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I am performing UAT on someone else's web-based application. the system is quite large with tens of forms, and hundreds of seperate input fields. Overall it seems well built and usable.

I have noticed one thing that seems very strange to me. Every link I click on actually performs a POST request (containing details of the page I want) to the page I am already on, the response with which is then an HTTP redirect to the page I want. I can understand doing something like this for pages whwre data has been changed - this would allow the system to save data without the user explicitly forcing it. However, this behaviour is also used on pages with no user inputs.

Why is this done? It seems to be intoducing some major slowdowns in the systems.

If it's a help, this system is written using JSF.

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2 Answers 2

I will not pretend to be a developer who has worked extensively w/ JSF. However, I have created many web applications on other technologies.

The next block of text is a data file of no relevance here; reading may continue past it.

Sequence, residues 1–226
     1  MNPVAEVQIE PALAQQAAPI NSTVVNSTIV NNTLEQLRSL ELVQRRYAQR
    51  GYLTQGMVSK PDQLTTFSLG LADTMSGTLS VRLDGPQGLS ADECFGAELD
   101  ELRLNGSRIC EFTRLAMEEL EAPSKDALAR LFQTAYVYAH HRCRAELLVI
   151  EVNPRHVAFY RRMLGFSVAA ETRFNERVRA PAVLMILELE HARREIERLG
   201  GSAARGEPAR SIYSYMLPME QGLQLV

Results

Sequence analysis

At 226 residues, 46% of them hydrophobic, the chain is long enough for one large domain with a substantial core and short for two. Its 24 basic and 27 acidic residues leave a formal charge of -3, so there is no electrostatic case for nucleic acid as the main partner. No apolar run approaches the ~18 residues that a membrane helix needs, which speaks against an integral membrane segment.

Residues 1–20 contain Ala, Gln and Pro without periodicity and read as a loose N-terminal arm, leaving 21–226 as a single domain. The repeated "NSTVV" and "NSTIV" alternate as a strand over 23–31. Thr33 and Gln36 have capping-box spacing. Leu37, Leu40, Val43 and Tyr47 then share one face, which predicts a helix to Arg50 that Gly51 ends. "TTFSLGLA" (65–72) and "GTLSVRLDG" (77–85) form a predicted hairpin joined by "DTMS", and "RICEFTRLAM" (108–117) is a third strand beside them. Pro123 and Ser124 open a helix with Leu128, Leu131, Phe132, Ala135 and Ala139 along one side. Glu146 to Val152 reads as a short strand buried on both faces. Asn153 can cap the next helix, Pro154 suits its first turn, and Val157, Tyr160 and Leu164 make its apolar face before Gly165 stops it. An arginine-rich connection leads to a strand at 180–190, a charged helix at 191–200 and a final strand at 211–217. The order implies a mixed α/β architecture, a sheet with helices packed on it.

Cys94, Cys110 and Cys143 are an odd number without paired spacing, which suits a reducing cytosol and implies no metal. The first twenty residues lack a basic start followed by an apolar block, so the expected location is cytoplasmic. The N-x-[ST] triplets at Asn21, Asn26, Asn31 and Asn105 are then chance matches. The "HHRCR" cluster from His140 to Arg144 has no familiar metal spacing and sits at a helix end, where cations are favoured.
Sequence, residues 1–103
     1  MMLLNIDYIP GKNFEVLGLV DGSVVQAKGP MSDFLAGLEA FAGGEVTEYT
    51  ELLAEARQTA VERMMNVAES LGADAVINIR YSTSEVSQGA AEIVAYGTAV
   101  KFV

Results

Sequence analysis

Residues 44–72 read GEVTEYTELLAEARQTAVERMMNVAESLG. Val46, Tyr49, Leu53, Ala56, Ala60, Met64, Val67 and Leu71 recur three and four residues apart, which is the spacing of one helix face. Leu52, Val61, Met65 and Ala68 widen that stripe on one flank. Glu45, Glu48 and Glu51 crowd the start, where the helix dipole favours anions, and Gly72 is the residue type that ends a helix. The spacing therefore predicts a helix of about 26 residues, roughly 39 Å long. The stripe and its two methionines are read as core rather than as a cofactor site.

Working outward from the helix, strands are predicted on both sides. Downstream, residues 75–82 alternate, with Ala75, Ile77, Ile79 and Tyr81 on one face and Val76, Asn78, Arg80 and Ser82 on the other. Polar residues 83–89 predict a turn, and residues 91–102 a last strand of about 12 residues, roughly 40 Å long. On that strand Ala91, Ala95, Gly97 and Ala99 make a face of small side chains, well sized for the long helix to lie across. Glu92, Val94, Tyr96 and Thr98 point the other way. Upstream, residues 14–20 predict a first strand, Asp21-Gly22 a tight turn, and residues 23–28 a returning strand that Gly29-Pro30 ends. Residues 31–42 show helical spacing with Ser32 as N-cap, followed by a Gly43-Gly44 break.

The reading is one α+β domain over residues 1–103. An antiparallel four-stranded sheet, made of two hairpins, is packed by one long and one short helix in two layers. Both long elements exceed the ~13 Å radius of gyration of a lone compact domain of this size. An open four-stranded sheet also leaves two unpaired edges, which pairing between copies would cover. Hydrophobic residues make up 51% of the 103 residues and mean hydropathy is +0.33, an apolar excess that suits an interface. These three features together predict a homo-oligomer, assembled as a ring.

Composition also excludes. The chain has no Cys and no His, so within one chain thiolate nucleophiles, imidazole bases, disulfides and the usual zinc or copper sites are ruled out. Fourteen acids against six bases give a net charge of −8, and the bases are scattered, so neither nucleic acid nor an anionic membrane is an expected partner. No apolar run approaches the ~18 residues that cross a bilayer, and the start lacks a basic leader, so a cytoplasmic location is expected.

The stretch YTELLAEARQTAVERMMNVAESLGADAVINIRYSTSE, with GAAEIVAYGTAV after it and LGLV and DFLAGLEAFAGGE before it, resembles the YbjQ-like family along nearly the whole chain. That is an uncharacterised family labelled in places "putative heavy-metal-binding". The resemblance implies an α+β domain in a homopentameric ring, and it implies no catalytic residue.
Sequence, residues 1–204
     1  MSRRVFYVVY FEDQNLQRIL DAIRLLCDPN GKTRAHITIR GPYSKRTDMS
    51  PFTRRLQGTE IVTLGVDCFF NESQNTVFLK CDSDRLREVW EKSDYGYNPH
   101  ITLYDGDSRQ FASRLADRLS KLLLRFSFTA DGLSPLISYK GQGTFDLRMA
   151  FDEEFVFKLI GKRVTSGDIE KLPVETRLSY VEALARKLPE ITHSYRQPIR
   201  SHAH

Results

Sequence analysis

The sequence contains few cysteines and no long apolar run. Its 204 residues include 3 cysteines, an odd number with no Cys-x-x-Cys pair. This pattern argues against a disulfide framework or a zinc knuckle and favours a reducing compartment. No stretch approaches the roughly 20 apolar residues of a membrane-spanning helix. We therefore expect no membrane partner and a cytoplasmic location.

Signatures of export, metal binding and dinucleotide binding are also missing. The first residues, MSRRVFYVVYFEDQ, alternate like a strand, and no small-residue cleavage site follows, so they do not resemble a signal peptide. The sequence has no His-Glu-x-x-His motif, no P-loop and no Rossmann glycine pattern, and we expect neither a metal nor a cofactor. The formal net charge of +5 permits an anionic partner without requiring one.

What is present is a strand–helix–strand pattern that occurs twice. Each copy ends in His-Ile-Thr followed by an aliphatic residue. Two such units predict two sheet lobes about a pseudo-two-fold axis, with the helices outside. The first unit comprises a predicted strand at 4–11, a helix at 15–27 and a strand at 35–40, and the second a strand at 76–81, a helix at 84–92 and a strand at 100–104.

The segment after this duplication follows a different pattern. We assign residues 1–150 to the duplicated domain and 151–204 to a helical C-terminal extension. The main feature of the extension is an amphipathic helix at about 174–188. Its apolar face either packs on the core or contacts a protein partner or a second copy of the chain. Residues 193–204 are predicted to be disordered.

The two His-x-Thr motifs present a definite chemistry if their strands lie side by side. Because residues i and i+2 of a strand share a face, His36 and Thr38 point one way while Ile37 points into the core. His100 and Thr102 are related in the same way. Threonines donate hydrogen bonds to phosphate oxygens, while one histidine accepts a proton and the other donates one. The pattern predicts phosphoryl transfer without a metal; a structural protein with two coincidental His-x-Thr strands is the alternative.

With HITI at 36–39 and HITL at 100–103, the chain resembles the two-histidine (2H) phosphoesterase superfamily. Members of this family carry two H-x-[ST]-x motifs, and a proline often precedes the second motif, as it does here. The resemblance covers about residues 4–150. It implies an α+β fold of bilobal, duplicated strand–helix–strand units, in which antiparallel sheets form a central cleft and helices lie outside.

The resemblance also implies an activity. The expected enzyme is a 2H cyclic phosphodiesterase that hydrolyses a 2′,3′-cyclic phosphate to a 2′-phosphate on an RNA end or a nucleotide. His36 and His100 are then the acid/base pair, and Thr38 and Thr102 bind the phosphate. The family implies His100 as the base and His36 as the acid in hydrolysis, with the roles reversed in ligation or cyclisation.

Generally speaking, for navigation using POST requests that send extra data does increase the data load and may cause a small slowdown in speed. Generally it is considered best practice for navigation to perform GET requests. POST requests are generally saved for situations where the is an action being performed that requires ancillary data.

Now for POST'ing then receiving a redirect in the response, that is weird and would cause slowdown as you are incurring two network requests instead of one. I would ask, "why not just make the link point to the page I am being reidrected to?". The only answers I could fathom, would be some kind of custom made session management that doesn't use cookies or url session parameters.

There might be more reasons for it, but that type of design seems quite unnecessary and honestly whatever the reason is I am sure there is a better way to implement the system to not do that.

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Thanks, I was thinking pretty much the same thing - good to know I'm not the only one! –  jwoolard Jul 23 '09 at 15:55

When you use a <h:commandButton> or <h:commandLink> in your JSF page then it will perform an HTTP POST; never a GET.

If a GET is required then <h:outputLink> should be used, however often developers use the former two tags as they allow the opportunity to call actions before the navigation - ie. before opening some page the developer may want a method in a backing bean to run that sets-up/initialises some variables. So there may be a good reason why the web app is performing POSTs.

If no action is required, for instance if the navigation is a menu, then I'd consider changing to use <h:outputLink> or just use Facelets and regular anchor tags.

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